Cuban-Chinese Arroz Frito Is a Reminder Of A Complex Past

Ask a Cuban-American for a traditional family recipe and you’ll find a common source of laughter. After all, years of training as tiny sous chefs to our abuelas and mamas have taught us that Cuban food (largely considered a peasant cuisine in the culin…

Ask a Cuban-American for a traditional family recipe and you’ll find a common source of laughter. After all, years of training as tiny sous chefs to our abuelas and mamas have taught us that Cuban food (largely considered a peasant cuisine in the culinary world,) is first and foremost about learning to adjust for which ingredients one might have on hand, as well as the preferences of who is cooking and eating. In fact, it seems that if there has ever been a rule to follow precisely when it comes to cooking a Cuban dish, it is to have a grasp of the history behind the meal you’re about to serve, as it has had such an influence on your identity. While being encouraged to measure out cups of rice and seasonings for dishes like ropa vieja and Moros y Cristianos by handfuls and finger pinches, young Cuban-Americans learn the essential lessons of their island country’s extensive, and often unexpected, past.

For me, a first generation-American by way of my mother (she fled Cuba along with her parents and siblings during the Revolution,) the most impressionable lesson about our island country’s culture lies in one of my favorite meals: arroz frito, a Cuban classic with Chinese roots.

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Marisel Salazar Thinks If You Can Eat It, You Can Probably Put Adobo on It

Welcome to Marisel Salazar​​’s Pantry! In each installment of this series, a recipe developer will share with us the pantry items essential to their cooking. This month, we’re exploring 8 staples stocking Marisel’s Panamanian, Cuban, and Japanese kitch…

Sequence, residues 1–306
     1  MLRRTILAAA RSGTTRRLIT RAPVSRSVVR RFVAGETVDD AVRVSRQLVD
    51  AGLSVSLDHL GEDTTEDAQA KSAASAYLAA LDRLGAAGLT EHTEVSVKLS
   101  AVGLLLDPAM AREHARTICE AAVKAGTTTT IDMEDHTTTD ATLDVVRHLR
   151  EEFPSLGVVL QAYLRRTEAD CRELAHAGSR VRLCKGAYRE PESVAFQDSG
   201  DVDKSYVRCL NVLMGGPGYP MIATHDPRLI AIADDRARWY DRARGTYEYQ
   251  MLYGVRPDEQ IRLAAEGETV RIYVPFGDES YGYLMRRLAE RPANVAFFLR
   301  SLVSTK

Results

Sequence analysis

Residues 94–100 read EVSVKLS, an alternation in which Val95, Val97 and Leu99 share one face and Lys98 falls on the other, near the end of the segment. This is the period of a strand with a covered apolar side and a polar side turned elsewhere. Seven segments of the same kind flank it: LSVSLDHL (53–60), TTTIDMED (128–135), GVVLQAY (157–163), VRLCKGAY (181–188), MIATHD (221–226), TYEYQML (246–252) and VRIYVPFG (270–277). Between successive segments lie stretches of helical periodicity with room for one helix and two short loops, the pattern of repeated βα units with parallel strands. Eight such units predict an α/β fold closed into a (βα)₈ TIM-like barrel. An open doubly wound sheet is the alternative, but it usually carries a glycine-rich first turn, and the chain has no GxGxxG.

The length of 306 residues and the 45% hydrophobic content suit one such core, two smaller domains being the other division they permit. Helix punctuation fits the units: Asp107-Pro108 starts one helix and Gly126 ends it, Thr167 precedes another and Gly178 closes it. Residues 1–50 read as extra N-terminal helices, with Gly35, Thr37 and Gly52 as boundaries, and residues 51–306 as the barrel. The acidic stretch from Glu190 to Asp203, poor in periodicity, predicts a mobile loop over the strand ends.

Welcome to Marisel Salazar​​’s Pantry! In each installment of this series, a recipe developer will share with us the pantry items essential to their cooking. This month, we're exploring 8 staples stocking Marisel’s Panamanian, Cuban, and Japanese kitchen.


When you think of Latin American cuisine, Panama may not jump to your mind; we’re mostly known for the canal, as a financial hub, and for our breathtaking beaches. Our food is a mix of African, Spanish, and indigenous (like the Kuna Indians) techniques, dishes, and ingredients, with rice, beans, and corn as basic staples. Since the country is surrounded on both sides by oceans, we have incredible seafood, tropical fruits, and vegetables. In fact, our unique terroir has contributed to the worldwide popularity of the award-winning Geisha coffee.

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This Comforting Dish Connects Me With My Cuban Roots—but It’s Complicated

“It’s short for the color, you know; that’s why it’s called congrí,” my dad tells me, as he has dozens of times before. “When you cook them together, the beans turn the rice gray. Con-gris, with-gray,” he says in a singsong cadence with hand motions to…

“It’s short for the color, you know; that’s why it’s called congrí,” my dad tells me, as he has dozens of times before. “When you cook them together, the beans turn the rice gray. Con-gris, with-gray,” he says in a singsong cadence with hand motions to match.

It was 2011, and I was a freshman in college. Just a few hours earlier he’d picked me up from the local park-and-ride. I’d taken the bus home from college for the weekend, a trip that became more and more frequent as my misery at school mounted. Only a few months into the school year, I realized that getting good grades and actually wanting to be there were two different things.

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Why Isn’t Everyone Talking About Cuban Pizza?

I have to pick up my partner, John, from Miami International Airport. His flight arrives past midnight, and while this may cause many locals to groan, I’m actually excited. Any reason to be in the western parts of M…

I have to pick up my partner, John, from Miami International Airport. His flight arrives past midnight, and while this may cause many locals to groan, I’m actually excited. Any reason to be in the western parts of Miami-Dade County is also a reason to have pizza cubana. The existence of two 24-hour Cuban pizzerias minutes from Miami’s airport also means that we've created our own tradition of treating ourselves to these cheesy, fluffy pizzas any time one of us flies into MIA.

This particular style of pizza is said to have originated on Varadero Beach in Cuba, a popular holiday destination for many people on the island. Allegedly, the originator moved to Miami after the communist revolution and reopened his famous pizzeria, Montes de Oca. Visit any of the handful of locations scattered across western Miami, and the sign will remind you that it is the original Cuban pizza.

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